Currently, most ligands are only characterized in a binding assay and/or in a limited set of functional assays using recombinant human receptors. The results are scattered among various publications and are derived from different experimental settings, which may have led to apparent contradictory results23. Conflicting results from in vivo models that employ some of the above-mentioned ligands have also been described in the literature (for a review see refs 2, 24). Often, information about potential off-targets and pharmacokinetics of ligands is also lacking19, which has complicated the comparison and interpretation of the data and led to confusion about which are the preferred ligands to be used for in vivo experiments aimed at validating the CB2 receptor as a therapeutic target. Unfortunately this situation, which has resulted in a loss of resources and unnecessary use of animals, is not unique to the CB2 receptor field. The US National Institutes of Health (NIH) shares these concerns from many scientists about the reproducibility issues in biomedical research and required action to counter this problem25. To improve target validation and to guide the selection of the best ligand for preclinical studies, a fully detailed profile of the current ‘gold standard’ ligands is needed.

To provide important guidance for the field and to address potential species-dependent differences, we comprehensively profiled the most widely used CB2R ligands. In several independent academic and industry laboratories we investigated receptor binding of both human and mouse CB2R, as well as multiple signal transduction pathways (GTPγS, cAMP, β-AR, pERK and GIRK). Selectivity of the ligands was determined towards a customized panel of proteins associated with cannabinoid ligand pharmacology, which includes the CB1R and the major proteins of the endocannabinoid system: N-acyl ethanolamines biosynthesizing enzyme NAPE-PLD and AEA hydrolysing enzyme FAAH; 2-AG biosynthesizing enzyme DAGL and hydrolysing enzymes MAGL, ABHD6 and ABHD12, as well as towards the putative endocannabinoid transporters; AEA and 2-AG-binding transient receptor potential (TRP)-channels (TRPV1–4, TRPM8 and TRPA1) (for a review see ref. 26). In addition, off-target activity on GPR55, a receptor that binds CBR-type ligands, and on COX-2, which oxygenates AEA and 2-AG, was also determined. Determination of the selectivity of CB2R ligands over these other proteins and processes involved in the endocannabinoid system, as well as over the TRP channels (which are involved in similar biological processes as the CBRs) is essential for the development of selective CB2R ligands and to avoid complications in the interpretation of the in vivo results obtained with these compounds.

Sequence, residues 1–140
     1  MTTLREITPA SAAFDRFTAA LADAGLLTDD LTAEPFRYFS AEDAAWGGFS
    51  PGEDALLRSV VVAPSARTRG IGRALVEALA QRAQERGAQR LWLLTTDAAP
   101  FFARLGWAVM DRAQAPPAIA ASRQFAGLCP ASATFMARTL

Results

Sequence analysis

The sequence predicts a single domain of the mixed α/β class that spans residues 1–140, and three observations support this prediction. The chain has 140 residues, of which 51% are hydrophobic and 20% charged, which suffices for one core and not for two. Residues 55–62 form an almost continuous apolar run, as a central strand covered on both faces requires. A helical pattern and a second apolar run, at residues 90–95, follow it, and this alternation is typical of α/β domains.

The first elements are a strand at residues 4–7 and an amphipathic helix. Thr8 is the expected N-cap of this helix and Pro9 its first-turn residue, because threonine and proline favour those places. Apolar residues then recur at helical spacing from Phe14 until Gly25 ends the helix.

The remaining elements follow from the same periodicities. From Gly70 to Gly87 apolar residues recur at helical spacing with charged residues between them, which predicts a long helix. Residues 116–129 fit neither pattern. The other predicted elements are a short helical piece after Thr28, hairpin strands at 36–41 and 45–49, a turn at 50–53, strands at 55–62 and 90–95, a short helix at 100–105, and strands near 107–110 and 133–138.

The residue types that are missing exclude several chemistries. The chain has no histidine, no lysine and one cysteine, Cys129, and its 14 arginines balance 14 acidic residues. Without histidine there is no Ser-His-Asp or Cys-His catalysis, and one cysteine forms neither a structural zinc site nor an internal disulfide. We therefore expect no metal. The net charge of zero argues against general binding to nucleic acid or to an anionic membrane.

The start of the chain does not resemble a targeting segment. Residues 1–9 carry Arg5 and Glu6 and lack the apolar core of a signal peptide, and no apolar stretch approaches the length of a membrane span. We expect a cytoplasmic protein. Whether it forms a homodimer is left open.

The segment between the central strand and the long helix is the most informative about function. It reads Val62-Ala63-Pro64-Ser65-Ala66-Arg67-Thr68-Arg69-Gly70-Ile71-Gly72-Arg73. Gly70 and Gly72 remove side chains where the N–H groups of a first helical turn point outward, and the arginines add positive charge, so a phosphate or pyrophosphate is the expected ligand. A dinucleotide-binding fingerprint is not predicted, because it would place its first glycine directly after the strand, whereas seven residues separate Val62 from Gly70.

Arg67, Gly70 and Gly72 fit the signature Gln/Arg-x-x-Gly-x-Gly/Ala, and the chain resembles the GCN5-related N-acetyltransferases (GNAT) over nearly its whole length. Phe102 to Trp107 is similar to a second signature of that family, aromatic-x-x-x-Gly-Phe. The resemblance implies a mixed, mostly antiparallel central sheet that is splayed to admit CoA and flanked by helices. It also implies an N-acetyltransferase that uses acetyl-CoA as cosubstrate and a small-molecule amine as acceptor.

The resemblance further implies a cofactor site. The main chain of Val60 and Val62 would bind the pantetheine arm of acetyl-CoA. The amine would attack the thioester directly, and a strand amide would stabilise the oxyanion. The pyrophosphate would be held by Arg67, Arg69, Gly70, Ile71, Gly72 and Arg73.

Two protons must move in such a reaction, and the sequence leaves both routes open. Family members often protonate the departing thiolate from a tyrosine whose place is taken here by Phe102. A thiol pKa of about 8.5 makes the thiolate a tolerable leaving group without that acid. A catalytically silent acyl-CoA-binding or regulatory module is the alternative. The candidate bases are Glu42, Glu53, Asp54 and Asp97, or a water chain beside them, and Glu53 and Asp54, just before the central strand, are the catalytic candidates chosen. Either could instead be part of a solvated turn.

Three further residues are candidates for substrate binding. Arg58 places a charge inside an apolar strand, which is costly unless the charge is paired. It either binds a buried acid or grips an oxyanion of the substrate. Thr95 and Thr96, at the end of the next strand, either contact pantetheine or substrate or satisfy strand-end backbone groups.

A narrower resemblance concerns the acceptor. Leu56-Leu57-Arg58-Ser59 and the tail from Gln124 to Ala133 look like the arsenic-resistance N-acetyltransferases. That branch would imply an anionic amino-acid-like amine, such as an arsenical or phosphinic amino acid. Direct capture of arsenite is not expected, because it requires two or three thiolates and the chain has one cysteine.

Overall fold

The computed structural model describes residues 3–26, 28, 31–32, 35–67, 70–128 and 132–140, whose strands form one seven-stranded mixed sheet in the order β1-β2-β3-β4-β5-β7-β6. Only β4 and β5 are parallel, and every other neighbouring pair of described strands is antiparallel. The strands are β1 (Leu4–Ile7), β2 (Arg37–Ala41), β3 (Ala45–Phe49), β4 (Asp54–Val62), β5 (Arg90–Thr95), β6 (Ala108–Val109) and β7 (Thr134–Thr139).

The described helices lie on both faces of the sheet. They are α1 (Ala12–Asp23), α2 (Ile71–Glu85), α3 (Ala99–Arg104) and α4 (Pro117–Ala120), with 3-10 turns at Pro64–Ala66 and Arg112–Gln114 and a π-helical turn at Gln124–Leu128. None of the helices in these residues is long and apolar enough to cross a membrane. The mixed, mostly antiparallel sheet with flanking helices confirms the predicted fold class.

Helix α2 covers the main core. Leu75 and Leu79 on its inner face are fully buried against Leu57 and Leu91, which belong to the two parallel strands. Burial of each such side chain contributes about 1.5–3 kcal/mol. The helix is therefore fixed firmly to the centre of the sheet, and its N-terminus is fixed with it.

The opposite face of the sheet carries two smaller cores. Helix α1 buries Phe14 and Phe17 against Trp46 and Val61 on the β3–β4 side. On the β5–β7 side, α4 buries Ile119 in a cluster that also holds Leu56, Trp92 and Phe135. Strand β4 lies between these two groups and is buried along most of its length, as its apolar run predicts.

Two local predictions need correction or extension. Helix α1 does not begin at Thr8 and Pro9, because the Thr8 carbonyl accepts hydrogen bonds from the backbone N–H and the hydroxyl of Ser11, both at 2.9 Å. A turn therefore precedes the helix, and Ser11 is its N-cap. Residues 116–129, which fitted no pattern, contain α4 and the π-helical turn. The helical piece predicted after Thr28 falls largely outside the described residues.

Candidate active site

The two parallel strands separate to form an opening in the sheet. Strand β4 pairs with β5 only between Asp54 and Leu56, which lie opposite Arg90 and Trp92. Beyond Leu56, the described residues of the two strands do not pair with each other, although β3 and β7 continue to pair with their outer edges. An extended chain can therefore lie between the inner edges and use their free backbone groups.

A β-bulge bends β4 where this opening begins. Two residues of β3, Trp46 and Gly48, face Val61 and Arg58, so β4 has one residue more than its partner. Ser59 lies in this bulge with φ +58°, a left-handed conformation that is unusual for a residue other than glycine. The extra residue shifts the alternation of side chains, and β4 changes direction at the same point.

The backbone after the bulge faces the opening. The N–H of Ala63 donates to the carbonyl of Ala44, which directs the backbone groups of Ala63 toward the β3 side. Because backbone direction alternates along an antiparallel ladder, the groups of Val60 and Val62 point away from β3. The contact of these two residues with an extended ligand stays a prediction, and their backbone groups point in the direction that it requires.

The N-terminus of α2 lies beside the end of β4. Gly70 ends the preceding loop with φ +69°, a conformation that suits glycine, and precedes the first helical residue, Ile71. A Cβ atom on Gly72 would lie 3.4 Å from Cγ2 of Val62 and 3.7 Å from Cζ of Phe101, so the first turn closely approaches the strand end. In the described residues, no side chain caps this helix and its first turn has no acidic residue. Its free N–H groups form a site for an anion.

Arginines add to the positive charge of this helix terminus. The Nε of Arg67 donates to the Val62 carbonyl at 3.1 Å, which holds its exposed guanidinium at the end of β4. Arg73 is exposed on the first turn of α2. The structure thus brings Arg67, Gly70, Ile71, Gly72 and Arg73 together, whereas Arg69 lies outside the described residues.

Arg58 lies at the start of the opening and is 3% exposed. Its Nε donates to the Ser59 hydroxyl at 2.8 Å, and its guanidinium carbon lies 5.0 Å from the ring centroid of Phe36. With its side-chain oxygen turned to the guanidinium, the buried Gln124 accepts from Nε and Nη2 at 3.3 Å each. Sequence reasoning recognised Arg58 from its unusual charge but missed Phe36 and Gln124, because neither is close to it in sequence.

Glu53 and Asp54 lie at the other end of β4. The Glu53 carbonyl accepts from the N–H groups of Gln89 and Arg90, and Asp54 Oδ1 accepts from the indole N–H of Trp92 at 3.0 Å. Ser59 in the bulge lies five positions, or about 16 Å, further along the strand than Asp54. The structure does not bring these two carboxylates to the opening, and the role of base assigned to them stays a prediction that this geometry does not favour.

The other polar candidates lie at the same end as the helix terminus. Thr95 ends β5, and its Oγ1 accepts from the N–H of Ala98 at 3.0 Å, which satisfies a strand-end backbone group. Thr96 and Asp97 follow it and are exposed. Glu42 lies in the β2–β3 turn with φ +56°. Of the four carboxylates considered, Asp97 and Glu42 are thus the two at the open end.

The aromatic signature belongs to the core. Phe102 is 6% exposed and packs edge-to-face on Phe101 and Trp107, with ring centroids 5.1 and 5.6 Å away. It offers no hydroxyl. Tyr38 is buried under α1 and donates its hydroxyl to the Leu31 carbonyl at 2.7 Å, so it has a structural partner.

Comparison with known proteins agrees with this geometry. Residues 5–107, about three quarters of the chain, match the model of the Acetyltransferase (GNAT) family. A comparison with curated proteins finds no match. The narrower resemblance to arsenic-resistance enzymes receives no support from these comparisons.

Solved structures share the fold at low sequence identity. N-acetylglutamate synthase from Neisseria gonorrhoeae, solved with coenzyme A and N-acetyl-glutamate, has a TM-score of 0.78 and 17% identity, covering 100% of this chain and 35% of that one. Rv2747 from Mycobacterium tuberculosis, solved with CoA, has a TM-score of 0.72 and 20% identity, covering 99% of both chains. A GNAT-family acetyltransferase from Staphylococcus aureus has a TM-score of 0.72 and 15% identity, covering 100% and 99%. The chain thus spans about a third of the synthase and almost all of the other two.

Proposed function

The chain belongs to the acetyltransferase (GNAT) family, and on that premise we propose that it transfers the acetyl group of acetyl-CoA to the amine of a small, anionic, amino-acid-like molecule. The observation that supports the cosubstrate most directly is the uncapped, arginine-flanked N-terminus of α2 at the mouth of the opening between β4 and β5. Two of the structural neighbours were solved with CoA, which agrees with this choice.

To assess which ligands are best suited for in vivo studies, all 18 compounds are profiled for their physico-chemical properties, in vitro absorption distribution metabolism and excretion (ADME) and pharmacokinetic parameters and cross-reactivity in the CEREP panel of 64 common off-targets. Commonly used non-selective ligands, including Δ9-THC and the endocannabinoids 2-AG and anandamide are also tested in vitro. All ligands are high-quality grade material, provided to each laboratory by the industry collaborator. The top three candidate CB2R agonists are further investigated at high doses in vivo to infer potential interactions with CNS CB1R. All data together results in the largest data set generated so far under the same experimental conditions for all cannabinoid receptor ligands, leading to a consensus that HU910, HU308 and JWH133 possess the best CB2R agonist profiles among the ligands tested on the basis of selectivity, balanced signalling, pharmacokinetic profile and off-target activity, and may be considered ‘gold standards’ for CB2R validation studies in mice.


Physico-chemical properties